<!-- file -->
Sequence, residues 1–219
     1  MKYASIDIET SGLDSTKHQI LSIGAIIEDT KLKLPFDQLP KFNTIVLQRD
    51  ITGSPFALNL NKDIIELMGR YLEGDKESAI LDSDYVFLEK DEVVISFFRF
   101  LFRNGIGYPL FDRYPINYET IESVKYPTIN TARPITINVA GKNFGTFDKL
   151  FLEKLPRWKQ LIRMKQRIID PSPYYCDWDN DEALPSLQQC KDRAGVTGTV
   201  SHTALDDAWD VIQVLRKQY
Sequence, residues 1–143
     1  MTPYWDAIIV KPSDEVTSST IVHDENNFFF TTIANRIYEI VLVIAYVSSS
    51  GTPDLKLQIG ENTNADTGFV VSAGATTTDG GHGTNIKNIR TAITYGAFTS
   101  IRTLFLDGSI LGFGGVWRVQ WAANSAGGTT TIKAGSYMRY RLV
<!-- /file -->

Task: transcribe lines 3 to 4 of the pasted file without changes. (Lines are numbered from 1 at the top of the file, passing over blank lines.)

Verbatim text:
    51  ITGSPFALNL NKDIIELMGR YLEGDKESAI LDSDYVFLEK DEVVISFFRF
   101  LFRNGIGYPL FDRYPINYET IESVKYPTIN TARPITINVA GKNFGTFDKL